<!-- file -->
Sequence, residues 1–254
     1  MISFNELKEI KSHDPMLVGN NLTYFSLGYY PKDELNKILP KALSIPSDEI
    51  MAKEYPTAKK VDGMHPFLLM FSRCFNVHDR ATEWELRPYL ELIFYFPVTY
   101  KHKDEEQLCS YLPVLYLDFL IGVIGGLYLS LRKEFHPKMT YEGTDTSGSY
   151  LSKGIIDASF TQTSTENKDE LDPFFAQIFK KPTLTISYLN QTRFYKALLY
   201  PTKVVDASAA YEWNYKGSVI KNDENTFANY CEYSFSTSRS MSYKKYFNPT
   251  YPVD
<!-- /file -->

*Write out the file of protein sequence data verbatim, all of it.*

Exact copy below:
Sequence, residues 1–254
     1  MISFNELKEI KSHDPMLVGN NLTYFSLGYY PKDELNKILP KALSIPSDEI
    51  MAKEYPTAKK VDGMHPFLLM FSRCFNVHDR ATEWELRPYL ELIFYFPVTY
   101  KHKDEEQLCS YLPVLYLDFL IGVIGGLYLS LRKEFHPKMT YEGTDTSGSY
   151  LSKGIIDASF TQTSTENKDE LDPFFAQIFK KPTLTISYLN QTRFYKALLY
   201  PTKVVDASAA YEWNYKGSVI KNDENTFANY CEYSFSTSRS MSYKKYFNPT
   251  YPVD